20% Off My Easy-Peasy Proposal with the Coupon Code 20OFF (Now - April 30th)

On January 18th, 2023 I asked The Admin Bar…

What do you wish you knew earlier on in your agency?

Don’t be afraid of telling a client NO and sticking to it.

The only difference between a 2k website and an 8k website is saying 8 instead of 2…

Specific to transitioning from a 9-5 to freelance, I wish I would have had my pre-freelance clients on care plans. I’d say a majority ended up on one, but it would have made the transition less stressful

Cheap clients cost too much

Start your business alone (but not for too long) then invest in a coach that’s been there. ( I tried to figure it out for years ‘helping startups’ aka cash strapped, without investment… )my coach helped me to think differently and my life and business has changed immensely.

Charge more charge more charge more. People will pay it and you’ll weed out the yohos.

Learn people skills

Know your worth. Know your value. Don’t let anyone’s thoughts (including your own) make you doubt yourself in what you bring to the table.

Focus on one product offering and master it.

Differentiate your offering as much as possible.

Start niching down as fast as you can.

Spend every free minute you have building referral partners.

Whatever acquisition channel works the best for you stop messing around with the others and multiply your efforts into that one channel.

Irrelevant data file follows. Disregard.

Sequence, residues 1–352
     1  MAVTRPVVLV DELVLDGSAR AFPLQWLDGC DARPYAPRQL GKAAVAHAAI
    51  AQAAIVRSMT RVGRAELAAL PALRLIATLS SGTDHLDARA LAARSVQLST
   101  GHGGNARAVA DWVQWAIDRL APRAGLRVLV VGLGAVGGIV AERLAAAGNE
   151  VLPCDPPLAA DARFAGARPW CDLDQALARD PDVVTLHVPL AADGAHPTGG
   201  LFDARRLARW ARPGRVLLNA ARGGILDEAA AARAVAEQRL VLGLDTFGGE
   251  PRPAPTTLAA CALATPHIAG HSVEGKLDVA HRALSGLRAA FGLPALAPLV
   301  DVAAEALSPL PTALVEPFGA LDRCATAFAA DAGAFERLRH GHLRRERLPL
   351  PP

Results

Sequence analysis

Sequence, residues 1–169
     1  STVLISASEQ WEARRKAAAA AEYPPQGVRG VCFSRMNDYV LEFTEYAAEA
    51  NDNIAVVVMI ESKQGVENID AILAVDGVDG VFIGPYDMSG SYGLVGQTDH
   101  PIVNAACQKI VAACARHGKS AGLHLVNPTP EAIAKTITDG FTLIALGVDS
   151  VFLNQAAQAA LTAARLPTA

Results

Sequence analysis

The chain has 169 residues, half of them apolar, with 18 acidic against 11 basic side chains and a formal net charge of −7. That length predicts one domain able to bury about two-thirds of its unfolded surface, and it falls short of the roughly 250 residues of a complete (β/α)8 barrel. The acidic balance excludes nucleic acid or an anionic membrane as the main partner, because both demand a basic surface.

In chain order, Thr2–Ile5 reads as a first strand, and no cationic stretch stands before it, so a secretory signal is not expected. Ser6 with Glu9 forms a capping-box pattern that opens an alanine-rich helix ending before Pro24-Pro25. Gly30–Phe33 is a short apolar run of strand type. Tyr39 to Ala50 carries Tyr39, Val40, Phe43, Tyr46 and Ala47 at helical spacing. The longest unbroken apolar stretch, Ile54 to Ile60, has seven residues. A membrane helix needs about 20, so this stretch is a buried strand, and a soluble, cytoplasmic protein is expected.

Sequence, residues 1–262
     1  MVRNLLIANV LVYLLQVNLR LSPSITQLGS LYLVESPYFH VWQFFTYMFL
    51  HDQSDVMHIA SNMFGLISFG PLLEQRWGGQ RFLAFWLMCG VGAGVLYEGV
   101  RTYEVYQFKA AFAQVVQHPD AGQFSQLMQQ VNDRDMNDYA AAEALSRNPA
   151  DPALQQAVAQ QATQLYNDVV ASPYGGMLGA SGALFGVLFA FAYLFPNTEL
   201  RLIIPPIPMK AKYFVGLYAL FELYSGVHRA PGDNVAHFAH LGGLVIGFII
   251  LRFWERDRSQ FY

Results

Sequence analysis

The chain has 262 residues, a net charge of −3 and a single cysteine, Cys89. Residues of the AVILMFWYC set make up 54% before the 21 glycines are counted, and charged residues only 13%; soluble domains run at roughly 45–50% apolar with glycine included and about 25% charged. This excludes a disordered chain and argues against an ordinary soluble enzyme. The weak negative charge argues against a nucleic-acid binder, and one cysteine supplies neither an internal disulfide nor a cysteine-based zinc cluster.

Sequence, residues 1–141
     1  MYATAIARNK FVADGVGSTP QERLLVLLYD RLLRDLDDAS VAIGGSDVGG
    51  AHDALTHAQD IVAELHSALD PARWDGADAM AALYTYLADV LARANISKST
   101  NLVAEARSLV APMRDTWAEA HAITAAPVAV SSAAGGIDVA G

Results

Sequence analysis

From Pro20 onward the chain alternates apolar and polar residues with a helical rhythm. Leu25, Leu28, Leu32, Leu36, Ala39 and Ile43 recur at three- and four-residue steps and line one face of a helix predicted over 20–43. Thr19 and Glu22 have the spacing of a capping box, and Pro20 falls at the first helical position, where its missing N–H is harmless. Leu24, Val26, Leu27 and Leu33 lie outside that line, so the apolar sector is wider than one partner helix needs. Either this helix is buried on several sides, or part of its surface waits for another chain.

Build SOPs before you hire.

Niche down, focus on growing recurring income.

Retainers. Retainers, and more retainers. I love the 22nd of the month, it’s autopay day for retainers!

Trust your instinct. Take more risks.

Define early what success looks like for you. (And make sure it’s more than just financial)

Set some goals you are likely to fall short on. It’s important you learn what failure feels like.

Master one discipline before even considering expanding to others.

Offer value not services. Sell success not services.

Know your worth and price by your value, not your time.

Don’t neglect existing and loyal clients in the pursuit of shiny new ones

Be good to yourself. Don’t overwork and avoid burnout at all costs.

Instead of investing in “We’ll book you XX appointments for you each month” (and variations thereof), invest in creating a better, more compelling, and more specific offer.

Niche down. Focus to improve that skill. Raise prices. Picky about clients.

Do more cold visits to get more clients.

Say no more often.